Raising money, retiring debt
Hollins has had its own financial troubles and confronted the specter of admitting men, but it has come to a very different place than either of its Virginia sisters.

In 2000, when debt was high, the endowment was shrinking and the campus needed repairs, Hollins solicited ideas from the university community and suggested that every possible solution would be weighed. Most of that community thought any solution but coeducation should be considered.

Gray became Hollins president in January 2005, stepping into an ongoing fundraising campaign aimed at retiring its debt and increasing the endowment. The publicly announced goal was $125 million. The campaign raised $161 million by 2010. The endowment had grown to $171 million by 2015.

Gray credits alumnae, faculty, trustees and “extraordinarily visionary donors,” people willing to give substantial amounts of money without getting a program or a building named after them in exchange.

Since retiring its debt in 2007, the university has been committed to staying out of debt, paying for renovations and other capital projects through fundraising rather than loans.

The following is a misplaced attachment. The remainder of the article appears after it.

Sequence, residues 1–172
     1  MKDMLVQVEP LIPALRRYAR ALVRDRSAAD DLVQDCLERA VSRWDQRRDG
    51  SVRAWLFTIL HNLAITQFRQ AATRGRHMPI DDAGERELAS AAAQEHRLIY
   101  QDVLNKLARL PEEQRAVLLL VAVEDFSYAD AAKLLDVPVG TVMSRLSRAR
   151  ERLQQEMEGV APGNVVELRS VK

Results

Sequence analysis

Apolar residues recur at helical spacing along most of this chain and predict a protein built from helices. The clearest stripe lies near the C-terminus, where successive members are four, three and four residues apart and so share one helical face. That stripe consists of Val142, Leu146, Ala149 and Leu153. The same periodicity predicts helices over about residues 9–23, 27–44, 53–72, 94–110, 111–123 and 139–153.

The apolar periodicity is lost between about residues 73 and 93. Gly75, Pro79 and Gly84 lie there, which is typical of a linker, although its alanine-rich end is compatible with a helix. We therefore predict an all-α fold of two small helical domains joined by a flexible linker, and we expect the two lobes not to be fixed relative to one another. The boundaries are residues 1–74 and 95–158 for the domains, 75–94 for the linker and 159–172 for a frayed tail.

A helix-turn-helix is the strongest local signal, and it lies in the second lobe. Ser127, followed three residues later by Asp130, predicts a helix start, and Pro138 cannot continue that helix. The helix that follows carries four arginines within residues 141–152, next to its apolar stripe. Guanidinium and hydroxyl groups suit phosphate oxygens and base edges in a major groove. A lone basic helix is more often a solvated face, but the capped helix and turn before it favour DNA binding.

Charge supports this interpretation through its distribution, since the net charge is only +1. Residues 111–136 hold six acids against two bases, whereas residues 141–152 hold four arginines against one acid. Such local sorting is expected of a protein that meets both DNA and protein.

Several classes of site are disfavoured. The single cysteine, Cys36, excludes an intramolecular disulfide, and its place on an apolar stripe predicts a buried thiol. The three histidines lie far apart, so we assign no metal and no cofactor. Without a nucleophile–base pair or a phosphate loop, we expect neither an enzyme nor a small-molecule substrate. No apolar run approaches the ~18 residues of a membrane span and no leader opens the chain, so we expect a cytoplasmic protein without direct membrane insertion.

More than half the buildings on campus — including the theater, the student center, the humanities building, the dance studio and historic houses — have been renovated or updated since Gray took office. The university has added the Richard Wetherill Visual Arts Center and Eleanor D. Wilson Museum, drilled geothermal wells and is renovating the science building.

Being debt free relieves pressure, Gray says, but she and her leadership team agreed early on that a large endowment was critical.

“Those large endowments allow you to provide a measure of academic excellence for your students that exceeds what they can pay in tuition and fees,” Gray says. An ample endowment also allows “the institution to respond to great opportunities as they arise and to get through tough patches as they arise — both of which are inevitable in the life of any institution.”

To celebrate the university’s 175th anniversary, Hollins is appealing to key donors with a quiet fundraising campaign that had raised $44.5 million by August. In November, Elizabeth Hall McDonnell and her husband, James S. McDonnell III, pledged $20 million to Hollins’ endowment. It’s the largest gift in the university’s history. Gray says Hollins has received two $1 million commitments since then, and another donor has offered $5 million if the university can raise another $10 million before Gray leaves campus on June 30.